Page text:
Brian VanGorder prepared for his new job as Auburn's defensive coordinator by meticulously watching film of the 2011 season.
That year, the Tigers had the nation's No. 94 rush defense - the second-to-worst in the Southeastern Conference - and its No. 86 pass defense. Each game Auburn was giving up, on average, 408 yards and almost 29 points per game.
VanGorder knew he had his work cut out for him considering the amount of youth on the Auburn squad.
"I think it's fair to say that we've got a lot of developmental players," VanGorder said.
When he came to the Plains, he wiped the slate clean by installing a new defense this spring. VanGorder was pleased to see that players bought into his system and made progress throughout camp.
"Those developmental players took a good step forward and I think now the challenge is to gain some consistency," VanGorder said. "Any time you're dealing with developmental guys in that process and you're putting in an entirely new system with them, I think you're going to have inconsistency.
"I think we've got a good groundwork, a good base of our defense, out in front of them installed. Now, they'll have the opportunity on their own to digest it, to watch film, to do things that they need to do to help them through that."
Even though he had just fifteen days of practice with his new players, it was enough time for him to change his mind about one player in particular: defensive tackle Jeffrey Whitaker.
"I didn't anticipate that he'd perform like he did in our system," VanGorder said. "I saw a guy who was a line-of-scrimmage player a year ago. He was able to do that effectively -- penetrate and do some things that I didn't know he could do.
"I never expected for him to perform and do the things he did in spring ball based on watching last year's film. He was a pleasant… maybe surprise is the wrong word, but what I had in my mind and what I thought his role would be, he changed my mind in respect to that, which is a credit to him."
The 6-foot-4 Whitaker dropped about 24 pounds between the 2011 season and camp and is now listed at 301 pounds. He has said throughout the spring that he feels more agile and has much more energy during sprints.
"If it was the weight (that made the difference), that's a good thing," VanGorder said. "He needs to keep that in mind during the offseason."
Another player who stood out to him on the defensive line is junior end Dee Ford.
Ford has been through a significant physical change during his time on the Plains. He initially signed as a 6-foot-2, 190-pound linebacker in 2009. Three years later, Ford now tips the scales at 237 pounds. He missed the majority of the 2011 season with a back injury, but is ready to do some damage on the line this year.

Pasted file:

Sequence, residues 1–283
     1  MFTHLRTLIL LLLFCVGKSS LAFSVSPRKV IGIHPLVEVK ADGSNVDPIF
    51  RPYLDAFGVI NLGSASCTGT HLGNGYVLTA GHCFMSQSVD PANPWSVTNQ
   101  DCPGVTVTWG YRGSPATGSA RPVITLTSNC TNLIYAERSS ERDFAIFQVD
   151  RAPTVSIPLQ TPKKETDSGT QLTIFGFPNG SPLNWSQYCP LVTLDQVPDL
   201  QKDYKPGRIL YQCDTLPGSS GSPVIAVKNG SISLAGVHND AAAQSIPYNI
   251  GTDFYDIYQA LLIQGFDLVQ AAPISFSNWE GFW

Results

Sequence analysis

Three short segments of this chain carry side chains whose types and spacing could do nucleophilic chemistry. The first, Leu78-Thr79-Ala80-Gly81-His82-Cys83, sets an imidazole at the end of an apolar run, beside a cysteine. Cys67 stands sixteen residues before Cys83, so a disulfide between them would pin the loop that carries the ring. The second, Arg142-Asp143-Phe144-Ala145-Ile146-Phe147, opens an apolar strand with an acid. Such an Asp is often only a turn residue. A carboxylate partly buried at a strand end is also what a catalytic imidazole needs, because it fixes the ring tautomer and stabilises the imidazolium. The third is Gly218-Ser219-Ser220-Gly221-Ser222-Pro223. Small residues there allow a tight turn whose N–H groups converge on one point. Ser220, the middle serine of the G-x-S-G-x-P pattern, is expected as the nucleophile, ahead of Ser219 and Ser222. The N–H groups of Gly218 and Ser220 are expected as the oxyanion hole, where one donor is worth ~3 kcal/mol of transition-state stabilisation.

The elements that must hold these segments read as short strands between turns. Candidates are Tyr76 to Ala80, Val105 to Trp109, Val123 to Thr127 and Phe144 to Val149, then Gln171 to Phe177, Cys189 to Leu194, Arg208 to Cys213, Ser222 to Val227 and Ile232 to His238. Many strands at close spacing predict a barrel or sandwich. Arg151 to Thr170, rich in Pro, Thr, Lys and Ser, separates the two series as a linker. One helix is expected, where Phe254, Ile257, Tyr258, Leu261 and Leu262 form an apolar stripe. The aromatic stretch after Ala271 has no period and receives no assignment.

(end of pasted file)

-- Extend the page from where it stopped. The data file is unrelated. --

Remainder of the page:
Despite VanGorder not being able to see a whole season's worth of Ford highlight film, at least one play made him realize Ford was a special one.
"(Against Mississippi State) he made an explosive move and took a guard and clubbed him out of the way and made the play," VanGorder said. "You don't see that. You have to have a special trait to do what he did and I recognized it right away. I just didn't have enough film. Even in film, that one play jumped out."
VanGorder hoped Ford would make those kinds of plays this spring with consistency, and was thrilled that he got what he wanted.
"Every snap!" VanGorder said. "He's a guy who's made it a habit to play fast and play hard. When you get those kinds of guys, it offers you a lot in terms of production. And the rest of the guys seeing, (it shows them) this is what it looks like. A lot of people don't realize that when we were at Georgia, David Pollack did that. The other 10 guys were like, 'Wow!' Every single play is a full-speed rep. Even beyond the surprise of the consistency from him, I'm really pleased to have that so he can be the guy you're constantly pointing at. Ball snaps? This is what it looks like. He had a very good spring."
One of the other defensive ends on the squad is junior Corey Lemonier, who is listed at 6-foot-4, 240 pounds.
VanGorder, who was Georgia's defensive coordinator in the 2001-04 seasons, isn't concerned about having 240-pound ends in the SEC.
"Both of them have the trait of suddenness and explosion, which gives them a chance," VanGorder said. "Defensive linemen -- their advantage should be in the athletic area and in the area of quicker and more sudden. As long as they're trained to hear that all the time and they understand that, they can play closer to their terms in winning. Dee Ford is unique -- an explosive, strong guy. I didn't see anything that bothered him playing over a tight end. That's a sudden, quick guy who should win."
Senior Jamar Travis, a perennial backup defensive tackle since he came to Auburn, was said to have had a good spring.
"Jamar Travis really took great advantage of this spring and really had an impressive spring," VanGorder said. "Right now in our mind, he'll play football for us."
Overall, VanGorder said the defensive line made the most progress from start to finish this spring.
"Our system allows them to play and play fast," VanGorder said. "Therefore the idea of disruptions and sacks and those kinds of ideas are philosophical in our makeup. That's a position of a lot of depth for us. I expect that they will take another big step forward during training camp. I feel very optimistic about that group."
Linebacker, on the other hand, is plagued by a lack of depth. It returns two starters in middle linebacker Jake Holland and Will linebacker Daren Bates, but the Tigers were without the third starter in Jonathan Evans. Evans was forced to miss the spring with an injury.